Over fifty UK ministers and government officials walk out on PM Johnson
The British prime minister is urged to step down by fellow conservatives, who have resigned en masse
British Prime Minister Boris Johnson has been hit with the mass departure of government ministers and other officials amid mounting calls for him to step down.
Since Tuesday, when Health Secretary Sajid Javid and Chancellor of the Exchequer Rishi Sunak handed in their resignations, 50 more officials have done the same. Among them are Welsh Secretary Simon Hart, Northern Ireland Secretary Brandon Lewis, Education Secretary Michelle Donelan as well as 25 other ministers.
Brandon Lewis wrote in his resignation letter, addressing Johnson: “I have given you, and those around you, the benefit of the doubt. I have gone out and defended this government both publicly and privately. We are, however, now past the point of no return.”
A decent and responsible Government relies on honesty, integrity and mutual respect – it is a matter of profound personal regret that I must leave Government as I no longer believe those values are being upheld.
I have submitted my letter of resignation to the Prime Minister. pic.twitter.com/EG6u52BdDc
— Brandon Lewis (@BrandonLewis) July 7, 2022
The newly-appointed Chancellor of the Exchequer, Nadhim Zahawi, described the situation in the government as “not sustainable” and bound to “only get worse.”
Even Home Secretary Priti Patel and Transport Secretary Grant Shapps, who the British media had until recently described as Johnson’s loyal supporters, have urged the PM to go.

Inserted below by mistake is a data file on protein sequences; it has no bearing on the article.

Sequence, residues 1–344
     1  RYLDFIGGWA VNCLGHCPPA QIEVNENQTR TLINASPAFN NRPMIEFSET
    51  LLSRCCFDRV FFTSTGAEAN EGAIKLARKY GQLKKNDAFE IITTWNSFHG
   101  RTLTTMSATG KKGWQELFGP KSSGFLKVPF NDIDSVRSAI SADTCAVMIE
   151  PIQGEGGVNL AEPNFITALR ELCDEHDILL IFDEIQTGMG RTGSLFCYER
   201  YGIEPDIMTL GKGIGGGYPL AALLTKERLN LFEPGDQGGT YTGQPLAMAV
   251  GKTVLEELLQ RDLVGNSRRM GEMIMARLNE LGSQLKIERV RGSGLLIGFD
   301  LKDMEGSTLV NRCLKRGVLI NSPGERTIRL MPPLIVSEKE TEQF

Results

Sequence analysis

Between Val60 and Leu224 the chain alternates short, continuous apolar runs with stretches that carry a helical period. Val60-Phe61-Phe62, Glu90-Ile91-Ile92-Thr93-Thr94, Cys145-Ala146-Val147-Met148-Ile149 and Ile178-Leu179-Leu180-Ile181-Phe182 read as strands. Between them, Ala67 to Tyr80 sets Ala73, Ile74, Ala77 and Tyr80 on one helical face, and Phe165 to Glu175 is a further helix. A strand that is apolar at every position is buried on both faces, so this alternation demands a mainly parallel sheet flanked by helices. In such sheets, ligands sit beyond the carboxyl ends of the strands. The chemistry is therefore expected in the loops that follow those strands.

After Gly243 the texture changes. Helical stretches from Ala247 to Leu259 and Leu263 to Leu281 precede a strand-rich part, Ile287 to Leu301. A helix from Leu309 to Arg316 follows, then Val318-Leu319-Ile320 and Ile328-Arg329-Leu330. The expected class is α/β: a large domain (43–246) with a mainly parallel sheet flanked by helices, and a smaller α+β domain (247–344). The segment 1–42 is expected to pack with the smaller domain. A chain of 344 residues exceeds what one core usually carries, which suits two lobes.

The bishop of Buckingham, the Right Reverend Alan Wilson, has also thrown his weight behind calls for Johnson to resign. He noted that the PM had “obviously” lied about the notorious lockdown parties in Downing Street, adding that Britain needed a leader it could trust.
In the face of mounting internal opposition within the Conservative party, Johnson had until Thursday morning remained defiant, insisting that he had been given a “colossal mandate to keep going.” According to the BBC, he has expressed doubt whether any of his would-be successors would be in a position to “replicate his electoral success at the next election.”
Johnson even mounted a counter offensive of sorts, firing former Brexit ally, Levelling Up Secretary Michael Gove. The UK media has quoted anonymous Downing Street sources as calling Gove a “snake” who “gleefully briefs the press that he has called for the leader to go.”
Not all have deserted the embattled prime minister, however, with Deputy Prime Minister Dominic Raab, Culture Secretary Nadine Dorries, Brexit Opportunities Minister Jacob Rees-Mogg remaining loyal.
However, Johnson’s claims of strong popular support seem to have been contradicted by a recent poll conducted by YouGov. According to the survey, 69% of Britons want the PM gone, with only 18% expressing the wish for him to stay in office.
The ever-growing dissent within his own party ranks was triggered by recent revelations about Johnson’s handling of sexual misconduct allegations against former Deputy Chief Whip Chris Pincher.
On Tuesday, it transpired that the PM had been personally informed about a complaint against Pincher in 2019. This runs counter to No10’s previous claims that Johnson had been unaware.
On top of that, the premier has previously been fined for throwing parties at Downing Street 10 during Covid 19 lockdowns.